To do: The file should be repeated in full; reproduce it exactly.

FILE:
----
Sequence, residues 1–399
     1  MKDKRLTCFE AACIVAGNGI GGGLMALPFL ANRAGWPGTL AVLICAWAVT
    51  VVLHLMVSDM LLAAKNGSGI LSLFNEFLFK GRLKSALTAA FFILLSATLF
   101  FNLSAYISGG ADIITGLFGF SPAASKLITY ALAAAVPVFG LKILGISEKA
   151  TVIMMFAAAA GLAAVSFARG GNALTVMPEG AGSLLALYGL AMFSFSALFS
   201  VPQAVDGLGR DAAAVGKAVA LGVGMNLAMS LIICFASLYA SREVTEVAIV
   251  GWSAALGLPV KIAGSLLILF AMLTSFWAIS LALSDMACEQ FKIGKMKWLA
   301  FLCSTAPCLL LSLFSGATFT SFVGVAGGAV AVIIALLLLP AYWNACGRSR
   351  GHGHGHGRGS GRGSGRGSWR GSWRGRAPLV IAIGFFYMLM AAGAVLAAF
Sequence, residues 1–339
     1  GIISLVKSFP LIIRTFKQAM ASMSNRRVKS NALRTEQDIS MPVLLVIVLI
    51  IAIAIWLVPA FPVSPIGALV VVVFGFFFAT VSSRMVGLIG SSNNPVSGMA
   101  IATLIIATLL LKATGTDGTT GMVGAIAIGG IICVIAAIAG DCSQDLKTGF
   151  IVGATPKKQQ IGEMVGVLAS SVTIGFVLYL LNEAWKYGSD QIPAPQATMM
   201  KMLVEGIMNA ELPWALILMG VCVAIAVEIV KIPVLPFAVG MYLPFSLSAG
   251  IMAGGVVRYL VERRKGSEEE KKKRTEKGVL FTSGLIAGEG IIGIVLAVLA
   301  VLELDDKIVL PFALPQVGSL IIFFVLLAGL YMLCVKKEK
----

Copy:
Sequence, residues 1–399
     1  MKDKRLTCFE AACIVAGNGI GGGLMALPFL ANRAGWPGTL AVLICAWAVT
    51  VVLHLMVSDM LLAAKNGSGI LSLFNEFLFK GRLKSALTAA FFILLSATLF
   101  FNLSAYISGG ADIITGLFGF SPAASKLITY ALAAAVPVFG LKILGISEKA
   151  TVIMMFAAAA GLAAVSFARG GNALTVMPEG AGSLLALYGL AMFSFSALFS
   201  VPQAVDGLGR DAAAVGKAVA LGVGMNLAMS LIICFASLYA SREVTEVAIV
   251  GWSAALGLPV KIAGSLLILF AMLTSFWAIS LALSDMACEQ FKIGKMKWLA
   301  FLCSTAPCLL LSLFSGATFT SFVGVAGGAV AVIIALLLLP AYWNACGRSR
   351  GHGHGHGRGS GRGSGRGSWR GSWRGRAPLV IAIGFFYMLM AAGAVLAAF
Sequence, residues 1–339
     1  GIISLVKSFP LIIRTFKQAM ASMSNRRVKS NALRTEQDIS MPVLLVIVLI
    51  IAIAIWLVPA FPVSPIGALV VVVFGFFFAT VSSRMVGLIG SSNNPVSGMA
   101  IATLIIATLL LKATGTDGTT GMVGAIAIGG IICVIAAIAG DCSQDLKTGF
   151  IVGATPKKQQ IGEMVGVLAS SVTIGFVLYL LNEAWKYGSD QIPAPQATMM
   201  KMLVEGIMNA ELPWALILMG VCVAIAVEIV KIPVLPFAVG MYLPFSLSAG
   251  IMAGGVVRYL VERRKGSEEE KKKRTEKGVL FTSGLIAGEG IIGIVLAVLA
   301  VLELDDKIVL PFALPQVGSL IIFFVLLAGL YMLCVKKEK